Yi Soon Shin: Korean Commander

December 3, 2018

 

During the Imjin War, on October 26, 1597, Yi Soon Shin was about to face his most challenging battle yet. Admiral Yi's tiny force of 12 Korean ships was taking on an armada of 200 Japanese ships. It seemed impossible for Yi's forces to claim victory, but he did. Using just his wit and will, he won what may just be the greatest underdog battle in history. Though his career had its ups and downs, Yi Soon Shin is considered one of Korea's greatest naval commanders.

Yi Soon Shin was born in Hanseong on April 28, 1545. He showed signs of being an excellent strategizer at an early age.  As a young boy, he would play war games and often led his friends to victory. During his youth, he forged an important friendship with Ryu Seong-ryong, a scholar and military commander. This was critical to Yi's rise in the ranks during the Imjin War.

The first military position Yi held after passing his examination (which was delayed due to Yi breaking his leg) was a junior officer in 1536. In the years following, he repelled several attacks on border settlements by the Jurchen, a tribe of people native to Korea. Eventually, he captured and executed their chief.

Despite a successful start to his military career, he was accused of desertion by a superior-ranking general. Yi was kicked out of the army, imprisoned, and tortured. He was released and made commander of a training facility in Seoul. After changing positions several times, he was appointed the commander of a naval district and was stationed in Yeosu in 1591. He proceeded to build a regional navy. Yi and his navy would be put to the test against the Japanese when the latter attempted to invade Korea only a year later.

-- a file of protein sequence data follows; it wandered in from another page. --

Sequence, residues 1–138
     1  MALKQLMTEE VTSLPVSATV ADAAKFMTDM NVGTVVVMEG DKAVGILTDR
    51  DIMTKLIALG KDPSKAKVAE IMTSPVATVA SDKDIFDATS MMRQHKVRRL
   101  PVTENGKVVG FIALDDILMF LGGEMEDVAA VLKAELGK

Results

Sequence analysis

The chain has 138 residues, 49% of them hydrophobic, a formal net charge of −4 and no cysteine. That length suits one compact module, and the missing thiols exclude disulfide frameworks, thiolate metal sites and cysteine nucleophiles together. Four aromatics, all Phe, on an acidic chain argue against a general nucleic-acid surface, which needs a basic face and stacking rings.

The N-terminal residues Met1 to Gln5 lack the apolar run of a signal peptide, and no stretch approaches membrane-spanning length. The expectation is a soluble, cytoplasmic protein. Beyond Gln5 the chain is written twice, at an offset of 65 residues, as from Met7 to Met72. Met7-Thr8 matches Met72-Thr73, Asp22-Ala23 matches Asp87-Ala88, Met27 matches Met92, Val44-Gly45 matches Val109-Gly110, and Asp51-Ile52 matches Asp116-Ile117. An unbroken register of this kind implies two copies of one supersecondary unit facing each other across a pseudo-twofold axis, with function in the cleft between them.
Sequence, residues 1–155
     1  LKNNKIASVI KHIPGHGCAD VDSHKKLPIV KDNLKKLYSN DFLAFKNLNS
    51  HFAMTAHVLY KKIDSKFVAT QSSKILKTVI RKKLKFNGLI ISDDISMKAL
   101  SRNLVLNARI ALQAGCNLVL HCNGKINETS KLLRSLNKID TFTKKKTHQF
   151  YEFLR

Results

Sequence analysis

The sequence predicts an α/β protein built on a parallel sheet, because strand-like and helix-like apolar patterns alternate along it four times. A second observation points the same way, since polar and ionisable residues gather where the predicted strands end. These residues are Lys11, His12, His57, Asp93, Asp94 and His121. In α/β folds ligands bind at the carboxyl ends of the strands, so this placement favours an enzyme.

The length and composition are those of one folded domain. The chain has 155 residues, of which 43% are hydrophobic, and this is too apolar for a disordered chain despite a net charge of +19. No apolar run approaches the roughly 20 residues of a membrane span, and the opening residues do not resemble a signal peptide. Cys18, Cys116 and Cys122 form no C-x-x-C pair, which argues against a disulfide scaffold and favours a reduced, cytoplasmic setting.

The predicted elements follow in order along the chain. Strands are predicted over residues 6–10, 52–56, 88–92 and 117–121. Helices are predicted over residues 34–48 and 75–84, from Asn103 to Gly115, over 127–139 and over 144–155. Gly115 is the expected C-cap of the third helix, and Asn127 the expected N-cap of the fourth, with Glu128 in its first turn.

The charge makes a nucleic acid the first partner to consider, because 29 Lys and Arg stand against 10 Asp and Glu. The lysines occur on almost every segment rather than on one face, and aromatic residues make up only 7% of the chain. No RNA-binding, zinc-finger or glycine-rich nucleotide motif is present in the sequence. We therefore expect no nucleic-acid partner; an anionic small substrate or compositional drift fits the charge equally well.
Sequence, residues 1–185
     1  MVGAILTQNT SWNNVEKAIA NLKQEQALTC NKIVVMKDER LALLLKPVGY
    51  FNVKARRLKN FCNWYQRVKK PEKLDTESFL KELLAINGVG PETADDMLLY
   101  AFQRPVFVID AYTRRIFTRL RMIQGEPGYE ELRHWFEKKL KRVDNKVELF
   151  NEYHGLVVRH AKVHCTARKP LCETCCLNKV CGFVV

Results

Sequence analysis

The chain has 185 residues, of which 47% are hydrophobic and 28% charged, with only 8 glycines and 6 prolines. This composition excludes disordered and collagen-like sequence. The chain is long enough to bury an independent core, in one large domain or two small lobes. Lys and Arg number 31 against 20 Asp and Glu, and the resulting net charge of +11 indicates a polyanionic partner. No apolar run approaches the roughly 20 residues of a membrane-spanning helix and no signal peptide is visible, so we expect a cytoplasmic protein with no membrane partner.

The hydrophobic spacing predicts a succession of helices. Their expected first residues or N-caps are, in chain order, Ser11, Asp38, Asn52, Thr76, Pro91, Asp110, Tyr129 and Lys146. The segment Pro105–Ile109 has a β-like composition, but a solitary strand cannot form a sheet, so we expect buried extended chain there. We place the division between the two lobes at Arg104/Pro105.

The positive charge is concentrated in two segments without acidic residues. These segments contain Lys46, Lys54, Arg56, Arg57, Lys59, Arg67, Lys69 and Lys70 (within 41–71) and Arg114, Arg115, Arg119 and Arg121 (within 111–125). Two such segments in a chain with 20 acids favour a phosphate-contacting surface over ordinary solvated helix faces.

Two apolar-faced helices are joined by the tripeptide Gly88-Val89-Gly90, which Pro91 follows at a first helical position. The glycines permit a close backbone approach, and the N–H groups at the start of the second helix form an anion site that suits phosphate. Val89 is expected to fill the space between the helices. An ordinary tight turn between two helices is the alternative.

Yi's most famous and daring mission was the Battle of Myeongnyang. Korea suffered a disastrous defeat at a previous battle, where almost all of the Korean navy was destroyed. Yi had approximately 10-13 ships in the Myeongnyang Strait, as the Japanese navy, with some 200 ships, closed in on them. The current and size of the strait prevented the Japanese navy from entering all at once, so the Japanese flagship and vanguard entered the strait first.

At first, only Yi's flagship went up to stand against the Japanese, but his other ships gradually joined in thinking, "If Yi's flagship can hold off an entire vanguard, then maybe we do have a chance!" A few hours later, the current changed from flowing toward Yi to away from him, causing the Japanese ships to crash into each other, and providing a perfect opportunity for a counter attack. The results were devastating for Japan. The Koreans rammed the Japanese, sinking 30 ships. Any who attempted to swim to shore were drowned by the currents. The Japanese retreated, but the current turned again, and Yi was unable to pursue. It was a humiliating defeat for Japan and provided a chance for Korea's navy to recover and win the Imjin War.

Yi died in 1598 at the Battle of Noryang after uttering his famous last words, "The war is at its height- wear my armor and beat my war drums. Do not announce my death." Yi truly was a noble hero.

 

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